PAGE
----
This morning the President of the Russian Federation, Boris N. Yeltsin, had awarded S. the highest civilian honor of our country for his selfless sacrifice in fulfilling his duty to the Motherland. S. was murdered while taking part in a security operation with the RF state security agencies against the theft and smuggling of Russian military technology through former Soviet republics in central Asia, to Chechen separatists and terrorists.

S. is survived by his wife Natalya Federovna and his only son Igor Ivanovich who live still in the Volga river city Nizhniy Novgorod. S. directed radar technology development at the Government Institute of Military Avionics in that provincial capital city since 1979 until his untimely death.

Glory to the Heroes of the Soviet Union and the Russian Federation!

1. Yulia

Up until the moment that the airplane touched down at Moscow’s International Airport, the nerves and doubts played over and over in my mind on a repeating loop. It had been seven months since my last stay in Russia. I was unsure of what would happen once I was again on the ground. Would I still be able to speak Russian? Surely, I’ve forgotten too much already! Will I make it to my hotel without getting mugged? Why am I doing this again? As soon as the wheels touched the runway, all my insecurities scattered as quickly as cockroaches from the morning sun. Finally!

The only question from the stern-faced woman controlling my passport behind the thick, scratched glass was: “Do you speak Russian, Mr. Peter Turner?” She asked me with disapproval in her voice.

“Yes, of course!” I answered with no hesitation but taken aback that she even addressed me.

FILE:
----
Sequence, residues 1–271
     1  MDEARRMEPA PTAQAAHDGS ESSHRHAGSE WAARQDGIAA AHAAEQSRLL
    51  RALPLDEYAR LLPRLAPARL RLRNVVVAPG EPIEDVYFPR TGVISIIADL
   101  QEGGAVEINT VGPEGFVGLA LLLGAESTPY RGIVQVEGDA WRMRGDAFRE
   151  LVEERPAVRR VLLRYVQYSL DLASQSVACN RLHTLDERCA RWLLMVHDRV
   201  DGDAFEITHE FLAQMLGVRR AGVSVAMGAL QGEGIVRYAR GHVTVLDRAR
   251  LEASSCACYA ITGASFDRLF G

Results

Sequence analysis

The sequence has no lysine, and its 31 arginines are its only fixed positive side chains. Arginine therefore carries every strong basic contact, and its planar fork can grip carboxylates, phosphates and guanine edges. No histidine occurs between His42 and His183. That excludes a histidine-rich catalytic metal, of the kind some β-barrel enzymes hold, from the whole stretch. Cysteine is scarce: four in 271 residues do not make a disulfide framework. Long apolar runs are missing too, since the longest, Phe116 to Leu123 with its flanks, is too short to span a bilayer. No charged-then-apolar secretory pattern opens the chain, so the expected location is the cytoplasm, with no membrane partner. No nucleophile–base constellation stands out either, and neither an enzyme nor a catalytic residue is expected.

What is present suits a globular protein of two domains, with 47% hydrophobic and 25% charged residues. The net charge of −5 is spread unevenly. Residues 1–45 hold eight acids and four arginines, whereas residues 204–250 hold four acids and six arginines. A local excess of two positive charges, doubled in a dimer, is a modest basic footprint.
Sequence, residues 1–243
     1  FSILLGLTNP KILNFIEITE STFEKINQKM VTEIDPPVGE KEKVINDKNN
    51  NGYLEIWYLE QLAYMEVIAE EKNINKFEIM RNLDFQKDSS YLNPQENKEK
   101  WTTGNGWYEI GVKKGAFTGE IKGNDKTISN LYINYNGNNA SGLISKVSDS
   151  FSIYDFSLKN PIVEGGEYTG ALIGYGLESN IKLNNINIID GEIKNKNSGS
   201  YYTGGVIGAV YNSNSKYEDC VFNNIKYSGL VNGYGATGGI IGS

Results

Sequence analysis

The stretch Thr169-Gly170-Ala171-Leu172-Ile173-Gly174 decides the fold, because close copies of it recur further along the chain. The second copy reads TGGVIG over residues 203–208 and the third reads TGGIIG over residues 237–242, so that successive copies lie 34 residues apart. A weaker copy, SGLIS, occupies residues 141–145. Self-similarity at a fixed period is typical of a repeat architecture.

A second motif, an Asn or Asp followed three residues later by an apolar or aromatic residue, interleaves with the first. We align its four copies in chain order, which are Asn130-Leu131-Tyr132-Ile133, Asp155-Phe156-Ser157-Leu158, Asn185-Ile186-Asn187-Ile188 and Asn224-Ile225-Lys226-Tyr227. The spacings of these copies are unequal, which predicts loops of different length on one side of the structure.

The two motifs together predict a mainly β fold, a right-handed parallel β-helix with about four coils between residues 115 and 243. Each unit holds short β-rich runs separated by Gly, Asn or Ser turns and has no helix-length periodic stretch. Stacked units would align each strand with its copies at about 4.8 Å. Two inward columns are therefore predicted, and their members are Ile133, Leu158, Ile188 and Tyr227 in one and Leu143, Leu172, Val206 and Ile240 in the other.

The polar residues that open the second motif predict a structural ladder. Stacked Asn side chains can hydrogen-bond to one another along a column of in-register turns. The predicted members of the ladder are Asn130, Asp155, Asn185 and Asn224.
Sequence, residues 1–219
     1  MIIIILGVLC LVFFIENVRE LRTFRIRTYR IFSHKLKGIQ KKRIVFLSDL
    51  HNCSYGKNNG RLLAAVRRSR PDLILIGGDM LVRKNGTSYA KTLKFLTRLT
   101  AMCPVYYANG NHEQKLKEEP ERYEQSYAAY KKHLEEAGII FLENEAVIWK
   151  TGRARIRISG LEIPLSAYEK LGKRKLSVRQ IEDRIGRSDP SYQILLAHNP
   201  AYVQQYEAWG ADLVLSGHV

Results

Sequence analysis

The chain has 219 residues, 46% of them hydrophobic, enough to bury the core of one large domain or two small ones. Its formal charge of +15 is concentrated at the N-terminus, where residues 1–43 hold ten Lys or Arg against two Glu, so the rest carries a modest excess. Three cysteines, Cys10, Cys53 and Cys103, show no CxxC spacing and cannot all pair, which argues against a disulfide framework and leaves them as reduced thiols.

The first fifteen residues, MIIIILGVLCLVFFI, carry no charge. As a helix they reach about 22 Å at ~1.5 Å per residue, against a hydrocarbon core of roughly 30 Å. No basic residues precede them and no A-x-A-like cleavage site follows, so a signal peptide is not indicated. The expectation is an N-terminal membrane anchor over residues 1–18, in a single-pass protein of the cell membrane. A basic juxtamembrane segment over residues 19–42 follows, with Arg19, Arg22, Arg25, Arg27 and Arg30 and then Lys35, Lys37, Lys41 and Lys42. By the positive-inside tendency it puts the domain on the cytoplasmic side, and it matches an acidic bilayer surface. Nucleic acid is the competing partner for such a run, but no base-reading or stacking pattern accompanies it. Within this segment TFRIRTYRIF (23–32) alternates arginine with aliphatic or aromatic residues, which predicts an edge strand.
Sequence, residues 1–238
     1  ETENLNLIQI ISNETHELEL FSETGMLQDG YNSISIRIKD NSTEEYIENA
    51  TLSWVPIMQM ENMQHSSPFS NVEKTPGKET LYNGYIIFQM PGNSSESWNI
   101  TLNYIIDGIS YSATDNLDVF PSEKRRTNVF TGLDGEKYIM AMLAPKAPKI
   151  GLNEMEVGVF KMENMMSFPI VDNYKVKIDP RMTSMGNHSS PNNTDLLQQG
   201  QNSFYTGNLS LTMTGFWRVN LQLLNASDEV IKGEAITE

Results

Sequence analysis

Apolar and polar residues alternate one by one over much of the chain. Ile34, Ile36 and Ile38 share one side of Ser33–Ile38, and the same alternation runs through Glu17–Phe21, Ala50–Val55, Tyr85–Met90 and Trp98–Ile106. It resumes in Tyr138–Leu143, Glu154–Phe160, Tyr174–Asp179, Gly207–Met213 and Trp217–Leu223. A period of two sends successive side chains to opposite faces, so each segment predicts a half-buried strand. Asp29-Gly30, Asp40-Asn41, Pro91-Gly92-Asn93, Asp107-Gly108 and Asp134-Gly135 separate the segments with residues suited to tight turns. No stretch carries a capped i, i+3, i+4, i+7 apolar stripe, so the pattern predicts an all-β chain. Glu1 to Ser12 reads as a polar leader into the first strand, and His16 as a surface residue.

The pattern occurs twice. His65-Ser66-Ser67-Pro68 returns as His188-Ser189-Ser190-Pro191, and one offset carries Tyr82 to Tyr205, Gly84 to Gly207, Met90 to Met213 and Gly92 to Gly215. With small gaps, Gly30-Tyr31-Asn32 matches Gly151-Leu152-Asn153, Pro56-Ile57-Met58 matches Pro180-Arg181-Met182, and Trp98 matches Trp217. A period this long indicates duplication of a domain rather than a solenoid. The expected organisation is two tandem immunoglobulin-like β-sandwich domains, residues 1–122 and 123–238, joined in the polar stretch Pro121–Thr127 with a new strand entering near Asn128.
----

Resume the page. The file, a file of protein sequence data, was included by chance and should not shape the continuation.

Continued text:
“Where did you learn it?” she asked looking up from her computer terminal without moving her head, her eyes on me with a glance of suspicion.

“On the Volga,” I replied again with a wisp of nostalgia in my voice and a smile.

“On the Volga?” she asked surprised and looked me full in the face.

“Yes, On the Volga,” I repeated with animation, “In the towns on the river like Yaroslavl, Plyos, and Nizhniy Novgorod.”

“Very nice,” she muttered with just twinge of a smile in her eyes.

She stamped my student visa and my passport and slid both back to me under the glass with a lingering trace of curiosity on her face. I collected my documents and nodded my thanks to her.

Perhaps more unusual in this exchange than an American happily speaking Russian to the stern, khaki-clad immigration officer in Moscow, was the smile on the officer’s face as I stepped away. Centuries old ingrained suspicion of foreigners in their country was melting quickly with the changes in the early 1990s. Russians expressed pleasant surprise when westerners spoke fluent Russian with them. Such exchanges perhaps went to validate a citizen’s hope in the post-Soviet shift, as Russia lurched ideologically closer, with abrupt starts and stops, toward Europe and the United States. If foreigners were learning their language and coming to stay, they thought, perhaps it wasn’t such desperate situation after all. Maybe the sun was just about to rise again!

Russia, in the early years after the rejection of the Soviet Union and its communist mandate, had embraced the ideals of free market reforms and the privatization of the country’s entire infrastructure and economy. It was moving quickly to undo the almost seventy-five years of state control over almost all economic activity and personal choice. Unfortunately, most citizens were not ready for the rapid changes dictated from the top down which clashed with all they had known and learned from childhood. Groups of very clever, dishonest people in high places within Moscow’s inner circles of power, and criminals who violently usurped it, were those who benefited the most. Those same people also accelerated the pace of reform where they could before their advantage evaporated with the re-education of the population. While foreign money poured into Russia to invest in newly privatized hotels, factories and oil fields, which was being reported with glee in western newsrooms, the workers and pensioners were being swindled out of their shares and homes by con-men and gangsters who could more deftly adapt when the wind changed directions. Banks weren’t just robbed, the banks were stolen and moved to Switzerland. What once belonged to everyone, now belonged to only a few. Those who couldn’t stand the motion sickness caused by the untempered gyrations towards capitalism and democracy were simply ground into the dust that covers the cars and buildings in the cities and villages across Russia.